The second in Jennifer Ellis’s mind-boggling Derivatives of Displacement series is a worthy successor to the first.
Having discovered that the strange stones take them to the future… and that multiple futures exist, Abbey, her twin Caleb, older brother Simon and friend Mark (probably with Asperger’s, and the one I find myself most at home with!) are beset with the problems that spilled over from the last book. Strange people who appear to threaten their existence, or at least their future existence; hints and messages from people who may, or may not have their best interests at heart, and in Mark’s case, a search for the missing maps. Mark is a mapaholic. Good man. But their world is topsy-turvy in the present, since their mother has been ousted from her hard-won role as mayor, all the effort she’s put into conserving the natural environment (one of which houses the stones), is being undone, and she appears to be tired and ill.
This is a very complex story that runs at a furious pace. Abbey is brilliant, way ahead of her school years, and Caleb and Simon are no slouches either. Since most of the narrative is seen through Mark or Abbey’s eyes, it can feel quite strange at times. I realised early on that I was all at sea with the various characters, since it is nearly two years since I read A Pair of Docks, and I was enormously grateful for Mark’s narrative, especially since he has a way of failing to remember people’s names, but labelling them as the bad man, the very very bad man, the nasty woman and the extremely bad men. That was the perfect description for me! There are puzzles galore for anyone that likes solving spatial puzzles, word puzzles, codes and diagrams.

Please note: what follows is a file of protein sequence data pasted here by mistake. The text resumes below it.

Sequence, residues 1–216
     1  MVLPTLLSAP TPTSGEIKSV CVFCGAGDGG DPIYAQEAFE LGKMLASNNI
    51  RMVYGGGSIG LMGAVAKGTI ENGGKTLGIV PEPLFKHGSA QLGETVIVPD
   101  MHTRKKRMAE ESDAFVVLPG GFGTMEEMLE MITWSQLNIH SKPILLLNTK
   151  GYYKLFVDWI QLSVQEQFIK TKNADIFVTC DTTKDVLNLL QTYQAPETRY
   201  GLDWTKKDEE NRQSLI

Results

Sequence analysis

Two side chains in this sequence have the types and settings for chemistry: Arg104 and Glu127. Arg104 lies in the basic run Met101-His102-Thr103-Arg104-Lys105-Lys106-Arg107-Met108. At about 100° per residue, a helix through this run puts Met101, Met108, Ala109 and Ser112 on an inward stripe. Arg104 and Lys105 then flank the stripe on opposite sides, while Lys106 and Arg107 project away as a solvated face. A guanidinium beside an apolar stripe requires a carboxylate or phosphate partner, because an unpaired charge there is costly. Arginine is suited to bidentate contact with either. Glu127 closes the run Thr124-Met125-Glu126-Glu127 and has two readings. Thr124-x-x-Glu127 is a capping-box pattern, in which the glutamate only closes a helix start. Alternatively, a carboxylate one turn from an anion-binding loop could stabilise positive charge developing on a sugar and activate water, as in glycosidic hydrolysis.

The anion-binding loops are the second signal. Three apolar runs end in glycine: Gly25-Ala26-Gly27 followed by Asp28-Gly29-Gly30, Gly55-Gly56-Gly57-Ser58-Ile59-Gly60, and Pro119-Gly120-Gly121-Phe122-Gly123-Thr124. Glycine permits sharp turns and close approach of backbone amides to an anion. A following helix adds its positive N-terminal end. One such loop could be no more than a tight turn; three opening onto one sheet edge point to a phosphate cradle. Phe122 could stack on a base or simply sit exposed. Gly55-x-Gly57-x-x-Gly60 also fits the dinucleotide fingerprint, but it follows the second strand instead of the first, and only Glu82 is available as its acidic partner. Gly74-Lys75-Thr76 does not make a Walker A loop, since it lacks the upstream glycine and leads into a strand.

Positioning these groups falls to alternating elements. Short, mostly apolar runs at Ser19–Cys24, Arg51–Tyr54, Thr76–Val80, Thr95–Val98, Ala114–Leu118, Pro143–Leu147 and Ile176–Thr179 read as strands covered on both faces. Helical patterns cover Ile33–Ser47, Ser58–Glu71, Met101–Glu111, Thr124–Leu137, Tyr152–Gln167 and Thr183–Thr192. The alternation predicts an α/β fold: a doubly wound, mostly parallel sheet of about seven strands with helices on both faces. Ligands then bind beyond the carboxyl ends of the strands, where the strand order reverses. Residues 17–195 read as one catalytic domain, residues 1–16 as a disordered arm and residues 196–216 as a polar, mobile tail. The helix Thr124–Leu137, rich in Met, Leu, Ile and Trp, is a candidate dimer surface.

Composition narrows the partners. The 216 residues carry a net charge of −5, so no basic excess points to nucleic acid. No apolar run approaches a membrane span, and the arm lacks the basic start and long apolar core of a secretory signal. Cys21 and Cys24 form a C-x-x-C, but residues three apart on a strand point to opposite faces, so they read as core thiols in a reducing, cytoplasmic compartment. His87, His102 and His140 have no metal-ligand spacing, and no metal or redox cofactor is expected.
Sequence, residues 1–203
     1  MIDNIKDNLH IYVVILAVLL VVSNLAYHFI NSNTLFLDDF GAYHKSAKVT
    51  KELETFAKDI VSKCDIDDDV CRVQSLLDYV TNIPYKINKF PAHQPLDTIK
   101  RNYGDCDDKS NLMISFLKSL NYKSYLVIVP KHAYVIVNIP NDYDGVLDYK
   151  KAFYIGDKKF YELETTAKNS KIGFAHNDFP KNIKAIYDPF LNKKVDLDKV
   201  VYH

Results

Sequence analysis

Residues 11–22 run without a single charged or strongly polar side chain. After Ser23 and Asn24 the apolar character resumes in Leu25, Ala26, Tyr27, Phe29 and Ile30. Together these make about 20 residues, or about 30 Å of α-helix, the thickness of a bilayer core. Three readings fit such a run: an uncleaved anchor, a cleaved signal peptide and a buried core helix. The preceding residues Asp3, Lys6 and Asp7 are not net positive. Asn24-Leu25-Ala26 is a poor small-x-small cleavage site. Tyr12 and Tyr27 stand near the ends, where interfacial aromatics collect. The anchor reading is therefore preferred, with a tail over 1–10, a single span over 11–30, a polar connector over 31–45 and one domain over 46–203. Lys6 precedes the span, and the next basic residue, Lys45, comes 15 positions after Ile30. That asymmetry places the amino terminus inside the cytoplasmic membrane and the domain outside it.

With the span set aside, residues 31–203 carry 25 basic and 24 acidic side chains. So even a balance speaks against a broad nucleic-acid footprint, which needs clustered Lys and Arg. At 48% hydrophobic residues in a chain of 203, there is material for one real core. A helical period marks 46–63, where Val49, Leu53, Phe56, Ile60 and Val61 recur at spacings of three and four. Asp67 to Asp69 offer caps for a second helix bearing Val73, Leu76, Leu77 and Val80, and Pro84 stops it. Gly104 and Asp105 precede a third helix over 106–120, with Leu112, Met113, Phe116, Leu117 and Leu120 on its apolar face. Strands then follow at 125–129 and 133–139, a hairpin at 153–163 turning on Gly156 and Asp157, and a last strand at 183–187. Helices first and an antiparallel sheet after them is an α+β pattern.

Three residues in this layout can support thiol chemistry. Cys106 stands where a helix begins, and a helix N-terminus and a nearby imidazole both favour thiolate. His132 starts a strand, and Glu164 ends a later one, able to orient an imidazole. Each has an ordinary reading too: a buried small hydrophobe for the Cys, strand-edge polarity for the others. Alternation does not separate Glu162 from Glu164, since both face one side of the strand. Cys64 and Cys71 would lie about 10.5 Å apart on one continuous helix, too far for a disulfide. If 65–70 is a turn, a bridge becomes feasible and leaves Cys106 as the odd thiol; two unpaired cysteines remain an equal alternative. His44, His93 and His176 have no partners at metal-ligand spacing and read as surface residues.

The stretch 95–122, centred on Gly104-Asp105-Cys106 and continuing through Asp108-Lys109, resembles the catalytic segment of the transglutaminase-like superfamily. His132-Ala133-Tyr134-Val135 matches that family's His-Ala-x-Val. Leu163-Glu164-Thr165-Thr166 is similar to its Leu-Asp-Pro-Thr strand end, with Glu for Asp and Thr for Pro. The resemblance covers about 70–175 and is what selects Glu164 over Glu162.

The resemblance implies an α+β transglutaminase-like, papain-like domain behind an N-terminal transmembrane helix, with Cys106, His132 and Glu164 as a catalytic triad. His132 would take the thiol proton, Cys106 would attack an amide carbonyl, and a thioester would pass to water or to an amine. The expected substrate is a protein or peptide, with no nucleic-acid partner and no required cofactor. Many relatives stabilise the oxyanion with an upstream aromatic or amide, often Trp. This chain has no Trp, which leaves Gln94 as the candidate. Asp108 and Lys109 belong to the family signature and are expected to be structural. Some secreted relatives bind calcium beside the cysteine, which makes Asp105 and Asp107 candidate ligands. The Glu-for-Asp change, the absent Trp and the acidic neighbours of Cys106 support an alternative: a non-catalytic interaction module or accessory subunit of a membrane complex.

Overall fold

I have to say that the first half of my kindle copy contained some jumps in formatting that could do with fixing, since we switched to wholly different situations in run-on paragraphs in some extremely long chapters. That did not help me grasp what was going on! The second half was formatted perfectly, and with the addition of the maps so important to Mark, which gave the reader plenty of extra help to visualise the multi-dimensional plot. Despite my occasional bemusement, the story is wholly compelling, and I was extremely frustrated when my kindle ran out of juice when I was nearing the end.
But it is a cliff-hanger. And you know how much I hate cliff-hangers.
Good thing I have an advance copy of the third in the series: A Grave Tree, which I received as part of the book blast/tour last autumn, before realising I’d not read the second. On no account should you try to read them out of order. Book 4 is scheduled for summer 2016.
It’s a brilliant series, and very mind-bending. Read it!